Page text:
Tesla on Monday said it would delay the debut of its electric Class 8 tractor to next year, marking at least the third time Semi truck production has been pushed back since it was unveiled in 2017.
Citing ongoing supply chain issues – including a global shortage of semiconductors and challenges ramping up vehicle production at new manufacturing sites around the world – the company said the "pace of the respective production ramps will be influenced by the successful introduction of many new product and manufacturing technologies, ongoing supply-chain related challenges and regional permitting. To better focus on these factories, and due to the limited availability of battery cells and global supply chain challenges, we have shifted the launch of the Semi truck program to 2022."
"In order for Cybertruck and Semi to scale to volume that's meaningful for customer deliveries, we've got to solve the chip shortage working with our suppliers," Tesla founder and CEO Elon Musk said during the company's investors call Monday.
Tesla listed Semi as "in development" on a slide deck shown to investors behind Cybertruck – the company's electric pickup, which was unveiled about two years later than Semi. Both trucks have "TBD" listed for a production site and capacity, but in announcing Semi's delay Monday the company noted "we are also making progress on the industrialization of Cybertruck, which is currently planned for Austin (Texas) production subsequent to Model Y."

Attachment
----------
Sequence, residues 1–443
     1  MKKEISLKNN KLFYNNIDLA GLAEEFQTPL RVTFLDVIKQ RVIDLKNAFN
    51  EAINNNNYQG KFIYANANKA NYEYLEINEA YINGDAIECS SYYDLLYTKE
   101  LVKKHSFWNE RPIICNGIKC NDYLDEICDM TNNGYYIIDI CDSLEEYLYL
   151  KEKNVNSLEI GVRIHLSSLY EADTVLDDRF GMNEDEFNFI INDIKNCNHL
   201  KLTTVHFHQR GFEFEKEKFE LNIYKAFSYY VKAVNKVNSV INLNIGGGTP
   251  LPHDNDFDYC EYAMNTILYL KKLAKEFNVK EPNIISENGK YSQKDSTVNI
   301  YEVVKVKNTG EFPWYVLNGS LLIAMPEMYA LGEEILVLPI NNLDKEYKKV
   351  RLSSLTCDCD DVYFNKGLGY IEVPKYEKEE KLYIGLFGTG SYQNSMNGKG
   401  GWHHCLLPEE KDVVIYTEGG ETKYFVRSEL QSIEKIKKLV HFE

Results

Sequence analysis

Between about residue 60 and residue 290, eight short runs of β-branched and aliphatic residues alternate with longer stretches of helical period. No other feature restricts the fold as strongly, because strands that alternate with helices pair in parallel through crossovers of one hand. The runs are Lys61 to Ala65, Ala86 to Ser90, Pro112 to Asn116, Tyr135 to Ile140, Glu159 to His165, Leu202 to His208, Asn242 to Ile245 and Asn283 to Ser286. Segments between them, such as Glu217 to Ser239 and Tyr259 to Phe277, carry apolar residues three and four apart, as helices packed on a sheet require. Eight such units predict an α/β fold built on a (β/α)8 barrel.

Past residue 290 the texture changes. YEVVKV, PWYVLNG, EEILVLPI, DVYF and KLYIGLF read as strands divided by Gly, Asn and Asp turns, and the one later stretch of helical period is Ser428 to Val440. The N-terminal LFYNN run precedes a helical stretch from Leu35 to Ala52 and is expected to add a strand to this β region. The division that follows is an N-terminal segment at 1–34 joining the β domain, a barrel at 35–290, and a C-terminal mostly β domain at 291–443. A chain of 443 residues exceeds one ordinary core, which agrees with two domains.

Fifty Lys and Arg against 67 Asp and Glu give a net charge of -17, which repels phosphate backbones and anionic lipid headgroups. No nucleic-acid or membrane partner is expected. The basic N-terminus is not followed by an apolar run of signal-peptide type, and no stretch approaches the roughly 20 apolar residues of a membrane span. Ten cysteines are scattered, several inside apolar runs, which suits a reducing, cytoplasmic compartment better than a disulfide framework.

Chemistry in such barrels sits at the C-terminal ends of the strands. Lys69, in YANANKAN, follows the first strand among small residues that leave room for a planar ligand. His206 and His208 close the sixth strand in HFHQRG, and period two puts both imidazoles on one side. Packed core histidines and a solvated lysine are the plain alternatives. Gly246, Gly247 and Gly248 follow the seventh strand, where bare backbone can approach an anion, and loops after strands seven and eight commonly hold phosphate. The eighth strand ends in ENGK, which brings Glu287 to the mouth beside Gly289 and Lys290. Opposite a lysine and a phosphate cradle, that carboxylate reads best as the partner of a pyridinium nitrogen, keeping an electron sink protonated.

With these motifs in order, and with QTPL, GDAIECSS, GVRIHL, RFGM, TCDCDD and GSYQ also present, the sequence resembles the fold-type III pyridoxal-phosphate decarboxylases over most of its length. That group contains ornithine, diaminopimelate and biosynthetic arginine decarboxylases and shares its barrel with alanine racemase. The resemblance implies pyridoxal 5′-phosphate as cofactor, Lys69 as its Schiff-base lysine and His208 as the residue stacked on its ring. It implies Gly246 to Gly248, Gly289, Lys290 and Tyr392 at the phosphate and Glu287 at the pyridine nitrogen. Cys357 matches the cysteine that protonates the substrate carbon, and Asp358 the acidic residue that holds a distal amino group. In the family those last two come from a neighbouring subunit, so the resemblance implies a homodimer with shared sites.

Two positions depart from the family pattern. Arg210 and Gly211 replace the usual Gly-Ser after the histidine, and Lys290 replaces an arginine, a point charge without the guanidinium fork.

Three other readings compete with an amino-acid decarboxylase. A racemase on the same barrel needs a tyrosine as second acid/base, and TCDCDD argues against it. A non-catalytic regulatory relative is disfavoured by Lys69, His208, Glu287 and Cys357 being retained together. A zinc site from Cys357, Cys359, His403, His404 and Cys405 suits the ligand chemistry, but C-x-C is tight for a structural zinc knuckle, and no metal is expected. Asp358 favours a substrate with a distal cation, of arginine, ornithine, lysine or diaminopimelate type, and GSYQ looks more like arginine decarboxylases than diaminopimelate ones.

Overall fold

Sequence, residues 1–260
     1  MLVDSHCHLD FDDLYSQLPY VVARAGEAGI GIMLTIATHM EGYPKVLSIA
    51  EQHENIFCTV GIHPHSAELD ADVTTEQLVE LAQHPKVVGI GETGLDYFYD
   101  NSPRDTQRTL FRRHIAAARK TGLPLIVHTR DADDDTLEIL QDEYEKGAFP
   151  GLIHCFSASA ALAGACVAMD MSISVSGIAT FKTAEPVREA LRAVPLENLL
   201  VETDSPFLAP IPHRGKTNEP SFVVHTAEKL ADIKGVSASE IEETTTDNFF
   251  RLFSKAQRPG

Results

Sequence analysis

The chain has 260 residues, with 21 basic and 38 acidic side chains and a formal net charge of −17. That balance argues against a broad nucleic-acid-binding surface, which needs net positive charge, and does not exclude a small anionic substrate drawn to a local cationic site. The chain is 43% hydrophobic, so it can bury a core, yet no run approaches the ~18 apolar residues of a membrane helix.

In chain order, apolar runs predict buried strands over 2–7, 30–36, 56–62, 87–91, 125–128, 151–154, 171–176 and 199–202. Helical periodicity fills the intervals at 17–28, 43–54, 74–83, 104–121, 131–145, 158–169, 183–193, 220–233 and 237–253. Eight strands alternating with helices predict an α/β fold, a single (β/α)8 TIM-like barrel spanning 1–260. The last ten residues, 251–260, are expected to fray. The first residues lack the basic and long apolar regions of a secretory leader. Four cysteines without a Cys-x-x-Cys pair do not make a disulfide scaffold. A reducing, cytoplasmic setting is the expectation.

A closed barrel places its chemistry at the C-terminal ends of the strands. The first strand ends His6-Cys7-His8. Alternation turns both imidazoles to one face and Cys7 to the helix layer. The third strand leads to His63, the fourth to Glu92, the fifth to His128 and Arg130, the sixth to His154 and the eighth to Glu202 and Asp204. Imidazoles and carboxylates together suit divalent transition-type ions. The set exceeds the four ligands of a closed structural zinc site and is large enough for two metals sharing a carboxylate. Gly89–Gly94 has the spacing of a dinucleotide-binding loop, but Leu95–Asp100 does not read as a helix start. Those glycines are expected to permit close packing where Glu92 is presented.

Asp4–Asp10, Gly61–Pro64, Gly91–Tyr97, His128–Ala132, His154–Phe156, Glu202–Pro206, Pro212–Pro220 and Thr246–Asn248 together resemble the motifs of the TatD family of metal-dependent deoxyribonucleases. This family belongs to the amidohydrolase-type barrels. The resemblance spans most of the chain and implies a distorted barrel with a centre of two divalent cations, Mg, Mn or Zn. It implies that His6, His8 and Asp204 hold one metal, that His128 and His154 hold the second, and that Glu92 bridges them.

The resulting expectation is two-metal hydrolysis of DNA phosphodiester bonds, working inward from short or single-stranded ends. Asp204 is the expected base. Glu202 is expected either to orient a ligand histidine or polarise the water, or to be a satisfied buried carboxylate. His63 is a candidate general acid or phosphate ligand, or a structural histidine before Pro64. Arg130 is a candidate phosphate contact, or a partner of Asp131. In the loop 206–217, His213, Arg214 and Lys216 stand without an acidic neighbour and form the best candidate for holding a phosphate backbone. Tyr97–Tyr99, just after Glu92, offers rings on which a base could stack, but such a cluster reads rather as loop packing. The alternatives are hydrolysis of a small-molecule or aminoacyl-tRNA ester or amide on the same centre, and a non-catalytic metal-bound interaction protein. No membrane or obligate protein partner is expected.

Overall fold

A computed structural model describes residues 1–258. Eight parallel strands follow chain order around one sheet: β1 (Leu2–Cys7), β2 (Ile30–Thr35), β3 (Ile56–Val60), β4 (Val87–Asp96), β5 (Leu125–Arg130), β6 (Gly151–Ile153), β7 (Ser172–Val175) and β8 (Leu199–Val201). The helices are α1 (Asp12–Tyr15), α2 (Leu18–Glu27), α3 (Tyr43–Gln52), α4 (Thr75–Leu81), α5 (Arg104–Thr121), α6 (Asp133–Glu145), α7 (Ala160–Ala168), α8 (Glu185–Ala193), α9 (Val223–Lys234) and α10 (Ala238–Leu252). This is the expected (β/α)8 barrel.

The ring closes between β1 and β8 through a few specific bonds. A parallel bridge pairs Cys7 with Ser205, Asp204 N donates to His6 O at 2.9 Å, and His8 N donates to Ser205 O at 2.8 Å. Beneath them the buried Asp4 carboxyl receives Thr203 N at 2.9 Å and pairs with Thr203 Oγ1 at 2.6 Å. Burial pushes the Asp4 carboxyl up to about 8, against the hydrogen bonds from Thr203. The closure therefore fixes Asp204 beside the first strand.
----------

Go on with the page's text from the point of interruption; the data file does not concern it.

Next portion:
The most recent delay was not totally unexpected as Musk has noted several times this year the company is experiencing a shortage in battery cells for production models of its passenger vehicles.
"The Cybertruck and Semi actually both are heavy uses of cell capacity," he added, "so we've got to make sure we have the cell capacity for those two vehicles or it's kind of pointless. We can make a small number of vehicles, but the effect of cost if you make a small number of vehicles is the same. Like, they would literally cost $1,000,000 a piece or more."
When the sleek zero-emission tractor was unveiled in 2017 in Hawthorne, California – the home Tesla Motors’ design center and company founder Elon Musk’s SpaceX rocket factory – production was penciled in for 2019, and orders began to trickle in from the likes of UPS, FedEx, PepsiCo, Anheuser-Busch, J.B. Hunt, Walmart and others. In April 2020 Tesla said it would shift Semi deliveries to 2021 and now – 15 months later – it's been bumped into next year.
Jerome Guillen, president of Tesla's Heavy Duty Trucking division, departed the company last month. A Freightliner expat, Guillen served in a key leadership role in the development of a new generation Freightliner Cascadia in the early 2000s, and his involvement was widely viewed as vital to the success of Tesla's Semi program.
While Monday was bad news for Semi reservation holders, it was a good day to be an investor. The company reported that it produced and delivered more than 200,000 vehicles during the second quarter and surpassed $1 billion in quarterly net income for the first time.